The rituals, foibles, opinions and general peculiarities of the cyclist might seem outlandish — or just downright weird — to the casual observer. But these are the things that unite us.
Who hasn’t absent-mindedly nodded at a fellow rider while driving their car? And who among us can honestly claim they’ve never been caught checking their tanlines in the mirror?
Yes, we’re a bit strange, but we wouldn’t have it any other way. Cycling Weekly presents a celebration of our collective idiosyncrasies, with invaluable input from both readers and pro cyclists on what it is that make us uniquely, well, similar.
What the pros say...
You walk into a cafe, your face barely visible for all the mud, and somebody asks you: “good day?”
Chris Boardman, Olympian and Tour de France legend
You constantly criticise other riders’ saddle heights, even when you’re driving the car, and your other half has to hide her razors from you.
Matt Stephens, cycling commentator and ex-pro
When spending just a week without riding your bike makes you twitchy.
Oli Beckingsale, Olympic, Commonwealth and British racing stalwart
You think nothing of taking a leak anywhere, getting changed in front of strangers feels normal and when you do your pre-race or sportive shopping, the checkout girl asks you if it’s for a kids’ party…
Steve Lampier, British domestic pro
You realise that all your close friends are also cyclists, and that you’ve known most of them for decades!
Chris Walker, 1991 Milk Race winner for Raleigh Banana
The results are in...
From the Cycling Weekly office
The first time you shave your legs, you struggle to know exactly how far up you should go, and when to stop… and before you know it you’ve gone way too far.
Rob Hoyles, sub editor
You spend more time on Strava, Garmin Connect and Training Peaks than you do with your family.
Hannah Reynolds, Cycling Active editor
You vow to put all your clean, piled-up clothes back in the wardrobe, only to remember the reason they’re in the utility room to start with — your wardrobe’s completely full of cycling kit, colour-coded and hung according to weather conditions.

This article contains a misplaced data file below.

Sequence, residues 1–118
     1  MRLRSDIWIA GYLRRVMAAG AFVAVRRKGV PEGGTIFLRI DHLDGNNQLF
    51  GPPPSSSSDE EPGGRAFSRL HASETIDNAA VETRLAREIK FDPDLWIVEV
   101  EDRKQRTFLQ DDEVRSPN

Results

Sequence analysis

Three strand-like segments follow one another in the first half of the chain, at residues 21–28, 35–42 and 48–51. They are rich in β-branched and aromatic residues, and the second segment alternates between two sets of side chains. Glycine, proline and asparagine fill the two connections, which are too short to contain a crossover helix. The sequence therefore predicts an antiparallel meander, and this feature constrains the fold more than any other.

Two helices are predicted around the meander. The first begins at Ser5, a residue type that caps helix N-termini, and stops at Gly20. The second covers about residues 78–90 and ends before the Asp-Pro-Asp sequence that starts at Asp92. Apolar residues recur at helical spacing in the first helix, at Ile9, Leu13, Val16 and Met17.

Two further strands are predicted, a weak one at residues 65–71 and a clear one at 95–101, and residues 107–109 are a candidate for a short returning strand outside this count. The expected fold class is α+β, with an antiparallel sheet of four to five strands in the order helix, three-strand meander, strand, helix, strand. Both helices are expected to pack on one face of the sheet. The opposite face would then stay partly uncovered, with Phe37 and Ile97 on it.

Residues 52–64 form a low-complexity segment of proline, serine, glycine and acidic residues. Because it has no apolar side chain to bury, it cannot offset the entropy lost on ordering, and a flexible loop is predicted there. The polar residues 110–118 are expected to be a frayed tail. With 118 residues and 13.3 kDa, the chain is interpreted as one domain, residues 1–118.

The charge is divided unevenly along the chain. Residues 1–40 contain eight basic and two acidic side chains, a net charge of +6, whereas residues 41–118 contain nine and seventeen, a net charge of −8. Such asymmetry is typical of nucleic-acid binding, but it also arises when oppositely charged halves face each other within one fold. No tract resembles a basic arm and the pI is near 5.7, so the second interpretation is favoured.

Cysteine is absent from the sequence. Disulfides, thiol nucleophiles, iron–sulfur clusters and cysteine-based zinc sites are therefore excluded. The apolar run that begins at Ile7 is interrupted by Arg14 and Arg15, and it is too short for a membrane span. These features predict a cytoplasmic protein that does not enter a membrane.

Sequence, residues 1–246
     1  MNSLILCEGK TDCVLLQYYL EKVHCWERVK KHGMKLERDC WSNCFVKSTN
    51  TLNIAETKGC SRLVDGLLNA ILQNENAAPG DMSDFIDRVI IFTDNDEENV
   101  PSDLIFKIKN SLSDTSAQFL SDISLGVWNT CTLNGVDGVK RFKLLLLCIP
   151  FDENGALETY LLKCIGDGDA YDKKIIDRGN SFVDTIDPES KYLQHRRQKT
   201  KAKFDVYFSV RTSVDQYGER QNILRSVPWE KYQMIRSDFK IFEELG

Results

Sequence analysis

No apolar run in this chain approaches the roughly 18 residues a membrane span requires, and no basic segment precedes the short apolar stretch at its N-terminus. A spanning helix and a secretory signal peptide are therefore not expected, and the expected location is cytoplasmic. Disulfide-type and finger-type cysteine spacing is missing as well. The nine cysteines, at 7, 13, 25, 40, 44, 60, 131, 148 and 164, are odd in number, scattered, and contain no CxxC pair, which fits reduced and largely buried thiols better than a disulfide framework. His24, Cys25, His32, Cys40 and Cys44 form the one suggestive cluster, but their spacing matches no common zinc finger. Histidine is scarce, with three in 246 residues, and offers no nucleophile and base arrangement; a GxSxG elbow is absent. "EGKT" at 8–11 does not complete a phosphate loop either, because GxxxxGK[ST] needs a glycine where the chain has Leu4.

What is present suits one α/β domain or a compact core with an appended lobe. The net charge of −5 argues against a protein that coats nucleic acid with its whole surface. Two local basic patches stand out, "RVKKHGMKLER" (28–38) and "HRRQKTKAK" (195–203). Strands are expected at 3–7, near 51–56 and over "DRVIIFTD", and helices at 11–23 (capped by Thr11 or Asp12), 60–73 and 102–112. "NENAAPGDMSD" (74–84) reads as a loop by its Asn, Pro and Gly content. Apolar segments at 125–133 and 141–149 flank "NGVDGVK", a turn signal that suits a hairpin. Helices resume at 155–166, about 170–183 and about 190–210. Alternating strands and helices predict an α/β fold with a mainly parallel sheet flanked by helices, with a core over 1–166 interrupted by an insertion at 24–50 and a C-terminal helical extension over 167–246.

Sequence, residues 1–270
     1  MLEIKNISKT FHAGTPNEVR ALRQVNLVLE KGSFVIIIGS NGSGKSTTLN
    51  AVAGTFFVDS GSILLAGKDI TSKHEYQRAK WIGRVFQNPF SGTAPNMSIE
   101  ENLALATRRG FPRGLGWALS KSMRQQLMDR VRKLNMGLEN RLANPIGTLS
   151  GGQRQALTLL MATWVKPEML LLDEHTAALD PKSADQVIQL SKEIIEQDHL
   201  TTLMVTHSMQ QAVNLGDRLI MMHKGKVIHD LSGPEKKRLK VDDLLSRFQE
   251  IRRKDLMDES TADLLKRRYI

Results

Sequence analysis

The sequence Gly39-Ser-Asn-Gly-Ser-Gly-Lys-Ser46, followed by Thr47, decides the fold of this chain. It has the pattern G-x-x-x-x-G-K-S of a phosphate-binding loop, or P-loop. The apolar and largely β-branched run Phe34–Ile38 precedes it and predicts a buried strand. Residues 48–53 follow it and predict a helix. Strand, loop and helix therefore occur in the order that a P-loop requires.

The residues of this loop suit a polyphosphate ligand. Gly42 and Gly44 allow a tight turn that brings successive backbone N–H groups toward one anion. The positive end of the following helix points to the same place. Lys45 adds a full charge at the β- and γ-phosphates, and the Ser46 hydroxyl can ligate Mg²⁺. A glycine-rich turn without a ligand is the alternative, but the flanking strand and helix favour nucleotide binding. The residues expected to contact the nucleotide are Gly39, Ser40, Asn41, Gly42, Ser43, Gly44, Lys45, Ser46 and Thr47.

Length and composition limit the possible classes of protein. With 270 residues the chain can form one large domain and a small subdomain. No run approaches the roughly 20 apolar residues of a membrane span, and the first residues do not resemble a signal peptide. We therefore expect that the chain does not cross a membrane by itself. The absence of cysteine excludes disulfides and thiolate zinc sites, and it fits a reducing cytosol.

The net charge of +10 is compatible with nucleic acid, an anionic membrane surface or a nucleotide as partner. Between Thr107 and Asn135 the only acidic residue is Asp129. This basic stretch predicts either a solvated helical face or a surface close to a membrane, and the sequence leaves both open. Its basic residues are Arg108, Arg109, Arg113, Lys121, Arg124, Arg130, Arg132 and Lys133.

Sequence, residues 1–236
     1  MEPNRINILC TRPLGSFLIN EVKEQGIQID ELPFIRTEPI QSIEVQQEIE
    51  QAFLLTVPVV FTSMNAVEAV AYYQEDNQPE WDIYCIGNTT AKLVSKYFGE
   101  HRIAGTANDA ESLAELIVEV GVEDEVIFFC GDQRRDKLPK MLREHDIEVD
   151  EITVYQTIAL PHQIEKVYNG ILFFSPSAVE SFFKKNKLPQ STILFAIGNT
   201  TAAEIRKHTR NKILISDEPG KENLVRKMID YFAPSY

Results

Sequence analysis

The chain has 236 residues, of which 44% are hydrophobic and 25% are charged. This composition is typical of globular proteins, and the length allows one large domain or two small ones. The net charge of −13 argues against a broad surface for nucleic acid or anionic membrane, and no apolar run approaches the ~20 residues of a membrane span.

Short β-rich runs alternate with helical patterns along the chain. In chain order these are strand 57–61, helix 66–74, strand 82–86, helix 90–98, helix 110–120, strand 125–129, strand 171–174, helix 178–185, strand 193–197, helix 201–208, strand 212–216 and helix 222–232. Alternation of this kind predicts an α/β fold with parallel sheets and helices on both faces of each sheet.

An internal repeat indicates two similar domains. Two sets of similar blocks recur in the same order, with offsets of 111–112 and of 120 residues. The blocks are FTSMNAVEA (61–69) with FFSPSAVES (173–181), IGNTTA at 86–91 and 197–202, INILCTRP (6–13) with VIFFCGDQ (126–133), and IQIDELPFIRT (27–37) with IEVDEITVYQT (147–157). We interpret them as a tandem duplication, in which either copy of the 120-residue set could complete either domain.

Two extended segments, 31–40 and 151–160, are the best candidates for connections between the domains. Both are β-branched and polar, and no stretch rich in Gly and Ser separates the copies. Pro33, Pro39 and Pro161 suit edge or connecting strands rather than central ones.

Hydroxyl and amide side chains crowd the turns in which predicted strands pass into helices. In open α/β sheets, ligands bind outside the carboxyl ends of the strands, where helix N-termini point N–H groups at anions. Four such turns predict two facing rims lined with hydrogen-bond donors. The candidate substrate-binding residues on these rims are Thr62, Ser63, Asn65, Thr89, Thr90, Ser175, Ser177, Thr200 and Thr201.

Sarah Auld, designer
You know your way around your Garmin better than you do your mobile phone (with the exception of the fitness and cycling apps).
Louise Mahé, writer
You’ve fallen off your bike at a standstill — even if it was just the once — when you forgot you were clipped in at a set of traffic lights. It’s OK, we’re sure nobody saw you…
Ben Smith, designer
You read training manuals instead of novels and diarise data rather than life events.
David Bradford, Cycling Fitness editor
You take a photo of your legs after a ride, and flex your quads for better definition. You take nine photos of this before you find one you’re happy with. Not that us cyclists are vain or anything…
Callum Tomsett, designer
You get up while it’s still dark on a miserable, wet Sunday morning so you can get a few hours of riding in before the family wakes up… and you’re still downstairs looking out of the window, drinking coffee when the kids trot downstairs at 10am.
James Shrubsall, chief sub editor
You not only have defined tan lines on your quads, lower calves and upper arms, but far from being embarrassed, you consider them a badge of honour. (Just ignore those sideways glances at the public swimming pool when you’re wearing your speedos — they just don’t understand how hardcore this makes you.)
Simon Richardson, Cycling Weekly editor
You sport an unsightly mark on the inside of your right calf that looks suspiciously like the oily outline of your big chainring. Don’t panic, everybody’s been there at some point. Just don’t line up for a race with this ‘fourth-cat tattoo’ unless you fancy being the butt of everyone’s jokes for the next hour.
Kev Sharpe, designer
Get your bike ready for the colder months
You can confidently reply to the accusation that: “Cyclists don’t pay road tax” with, “Actually, road tax was abolished in 1937.”
You have to look at the weather forecast five times to plan your free time.
You reach for food in your jersey pocket… while you’re sitting at your desk at work.
You start to think that one of the seven days of the week is actually called Restday.
You have more water bottles than cups in the kitchen.
You put your arm out before turning the trolley in Tesco without thinking.
You start looking for a suitable road bike for your seven-year-old child just so they can go riding with you.
Keep the weight off this winter
Readers on: domestic disharmony
When you need twice as much wardrobe space as your husband just to accommodate all your cycling kit!
You get in trouble with your girlfriend for checking out other girls when you were actually just looking at their bikes.
When your housemate complains about tripping over your bike for the hundredth time and can’t understand why it doesn’t live outside.
Rebecca Charlton, Cycling Active deputy ed
You’re bending over to fasten your shoes in your gear and your missus says, “That reminds me, we must order the turkey for Christmas…”
You bring your best bike in from the shed because the nights are getting colder; your wife says, “It’s me or the bikes”, and you have to think about it…